New laws on shared parental leave and pay were introduced in early 2015 meaning big changes for families and for businesses. In simple terms, the legislation gives mothers the right to transfer leave they’re due after the birth of their child, to their partner.
In the first case dealing with the issue of shared parental pay the Glasgow Employment Tribunal has awarded nearly £30,000 to a father who was discriminated against by his employer. The terms of the employer’s family friendly policy were deemed to be indirectly discriminatory when a father applying for leave was only entitled to statutory shared parental pay, whereas mothers received full pay during their shared parental leave. Whilst Tribunal decisions are not binding it is a useful indication of how this issue might be approached.
Mr Snell was employed by Network Rail as a Signalling Principles Designer. His wife was also employed by Network Rail and they both planned to take shared parental leave; Mr Snell taking 12 weeks and his wife 27 weeks.
Mr Snell submitted his application for leave under Network Rail’s family friendly policy. Under this policy mothers were entitled to full pay for a period of 26 weeks, however fathers were only entitled to pay at the basic statutory rate; Network Rail confirmed this in writing and also that Mr Snell would be opted out of the employer’s pension scheme for the duration of his leave. Mr Snell raised a grievance stating:
“Under this policy, payments to mothers on shared parental leave will be at significantly different rates to fathers, ie. 26 weeks’ full pay and 13 weeks’ statutory compared with 39 weeks’ statutory for fathers… As a result of this, I believe I am being discriminated against because of my sex.”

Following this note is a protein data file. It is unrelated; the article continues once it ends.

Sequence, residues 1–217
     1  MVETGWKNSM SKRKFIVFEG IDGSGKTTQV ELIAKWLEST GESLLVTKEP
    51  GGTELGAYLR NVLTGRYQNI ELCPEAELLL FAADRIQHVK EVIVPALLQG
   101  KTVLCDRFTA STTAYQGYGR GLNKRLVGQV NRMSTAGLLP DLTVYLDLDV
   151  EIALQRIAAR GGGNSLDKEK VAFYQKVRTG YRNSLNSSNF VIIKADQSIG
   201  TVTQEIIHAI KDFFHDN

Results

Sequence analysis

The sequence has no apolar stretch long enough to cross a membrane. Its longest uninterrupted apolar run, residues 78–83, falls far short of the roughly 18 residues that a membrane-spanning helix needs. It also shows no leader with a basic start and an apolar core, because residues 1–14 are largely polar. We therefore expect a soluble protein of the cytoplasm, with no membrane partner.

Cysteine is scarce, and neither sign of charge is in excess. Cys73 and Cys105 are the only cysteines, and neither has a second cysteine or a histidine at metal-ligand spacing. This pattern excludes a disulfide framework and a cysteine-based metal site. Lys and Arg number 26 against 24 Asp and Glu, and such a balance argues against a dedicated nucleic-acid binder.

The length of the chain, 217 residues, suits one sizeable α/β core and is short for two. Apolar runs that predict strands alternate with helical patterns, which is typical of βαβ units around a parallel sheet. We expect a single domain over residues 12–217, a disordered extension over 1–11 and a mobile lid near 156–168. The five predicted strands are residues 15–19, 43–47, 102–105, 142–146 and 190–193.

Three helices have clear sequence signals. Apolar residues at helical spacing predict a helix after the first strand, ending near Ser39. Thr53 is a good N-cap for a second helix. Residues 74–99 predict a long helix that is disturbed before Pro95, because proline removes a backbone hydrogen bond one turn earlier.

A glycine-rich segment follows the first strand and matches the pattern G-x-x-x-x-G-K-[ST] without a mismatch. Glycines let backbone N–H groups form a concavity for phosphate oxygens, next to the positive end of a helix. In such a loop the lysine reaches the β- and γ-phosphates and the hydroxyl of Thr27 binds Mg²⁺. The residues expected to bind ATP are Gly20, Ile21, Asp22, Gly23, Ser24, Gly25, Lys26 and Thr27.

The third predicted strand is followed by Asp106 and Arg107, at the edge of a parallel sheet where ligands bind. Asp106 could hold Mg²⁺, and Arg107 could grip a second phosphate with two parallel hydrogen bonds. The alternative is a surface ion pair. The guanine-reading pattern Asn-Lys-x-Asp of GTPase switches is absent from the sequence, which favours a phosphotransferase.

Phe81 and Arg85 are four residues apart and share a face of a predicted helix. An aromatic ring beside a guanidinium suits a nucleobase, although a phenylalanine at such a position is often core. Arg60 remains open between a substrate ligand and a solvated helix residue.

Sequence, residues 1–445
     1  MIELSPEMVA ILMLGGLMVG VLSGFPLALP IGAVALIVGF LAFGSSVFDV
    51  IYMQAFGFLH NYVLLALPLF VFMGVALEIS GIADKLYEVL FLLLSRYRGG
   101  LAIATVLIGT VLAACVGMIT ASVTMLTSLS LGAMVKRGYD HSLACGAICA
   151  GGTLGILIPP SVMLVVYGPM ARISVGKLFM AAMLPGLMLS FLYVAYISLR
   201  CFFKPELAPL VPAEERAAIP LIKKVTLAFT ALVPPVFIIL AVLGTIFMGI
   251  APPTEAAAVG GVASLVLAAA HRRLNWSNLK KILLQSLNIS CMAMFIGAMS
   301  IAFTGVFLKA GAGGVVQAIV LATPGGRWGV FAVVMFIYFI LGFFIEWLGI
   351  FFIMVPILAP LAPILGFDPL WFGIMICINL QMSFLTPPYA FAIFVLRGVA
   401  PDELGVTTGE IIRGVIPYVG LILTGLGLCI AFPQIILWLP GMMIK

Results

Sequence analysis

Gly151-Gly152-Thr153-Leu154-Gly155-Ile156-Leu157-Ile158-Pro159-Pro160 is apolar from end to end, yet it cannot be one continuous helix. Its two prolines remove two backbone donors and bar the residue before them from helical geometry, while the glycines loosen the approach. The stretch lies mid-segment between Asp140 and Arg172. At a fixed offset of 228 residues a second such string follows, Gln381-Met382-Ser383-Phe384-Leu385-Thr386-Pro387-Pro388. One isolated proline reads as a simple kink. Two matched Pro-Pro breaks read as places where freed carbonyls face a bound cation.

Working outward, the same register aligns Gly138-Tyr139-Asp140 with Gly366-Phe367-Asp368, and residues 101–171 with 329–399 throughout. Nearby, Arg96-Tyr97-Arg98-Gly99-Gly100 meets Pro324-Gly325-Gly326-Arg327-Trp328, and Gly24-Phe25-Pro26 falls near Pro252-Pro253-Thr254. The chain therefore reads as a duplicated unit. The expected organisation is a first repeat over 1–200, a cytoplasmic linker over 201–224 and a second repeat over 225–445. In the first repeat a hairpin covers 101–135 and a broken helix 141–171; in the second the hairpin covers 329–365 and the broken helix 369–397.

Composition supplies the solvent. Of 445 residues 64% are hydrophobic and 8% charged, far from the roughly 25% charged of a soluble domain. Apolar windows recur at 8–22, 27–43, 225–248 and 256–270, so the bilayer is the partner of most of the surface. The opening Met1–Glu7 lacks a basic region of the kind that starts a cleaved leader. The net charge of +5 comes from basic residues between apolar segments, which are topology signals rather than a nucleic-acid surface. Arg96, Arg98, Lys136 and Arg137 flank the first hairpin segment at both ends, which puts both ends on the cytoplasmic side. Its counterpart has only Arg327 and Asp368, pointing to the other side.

Mr Snell also referred to the government guidance on shared parental leave and pay which states:
“It will be entirely at the discretion of employers whether they wish to offer occupational parental schemes for men and women taking shared parental leave. The way in which employers respond to these changes will therefore vary across different employers based on their individual business plans. There is no legal requirement for companies to create occupational parental leave schemes. However, a maternity scheme can only be offered to a woman on maternity leave. If an occupational scheme is offered to a mother on shared parental leave, it could constitute sex discrimination if such an occupational scheme were not offered to fathers/a mother’s partner.”
Network Rail rejected Mr Snell’s grievance stating it had “met the legal requirement”; Mr Snell subsequently lodged a claim at the Employment Tribunal claiming that the terms of Network Rail’s family friendly policy in relation to shared parental pay amounted to direct and indirect sex discrimination.
Prior to the Tribunal hearing Mr Snell withdrew his claim of direct discrimination and his employers agreed not to contest the claim of indirect discrimination. The Tribunal hearing therefore only dealt with remedy. Mr Snell was awarded £28,321.03. Network rail has reportedly also changed its family friendly policy such that shared parental leave is now only paid at the statutory rate for all employees.
While the government guidance says there is no legal requirement to level pay up and pay the same for shared parental leave as under an enhanced maternity policy, there has been a great deal of legal debate around the lawfulness of having different pay under different schemes and how this relates to the risk of discrimination claims. If enhanced (company) pay is paid to anyone on “maternity leave” (as most policies describe it) this may be a provision, criterion or practice for the purposes of the Equality Act with which a man cannot comply. A man is clearly put at a disadvantage as he does not receive the enhanced maternity pay. The question is whether this difference in treatment can be justified.
This case doesn’t help with the situation where an employer offers enhanced maternity pay but does not offer this for shared parental leave (and whether this could lead to a successful discrimination claim); Network Rail appear to have joined the two circumstances into one scheme and referred to all leave as shared parental leave and has then made distinctions between the pay that is applied, depending on whether the employee is the mother or father. Couched in these terms it is clearly harder to justify than if the two concepts of maternity leave and shared parental leave are considered separately. To this end we suggest you check your policy wording and take advice if necessary.
For more information on shared parental leave visit our hub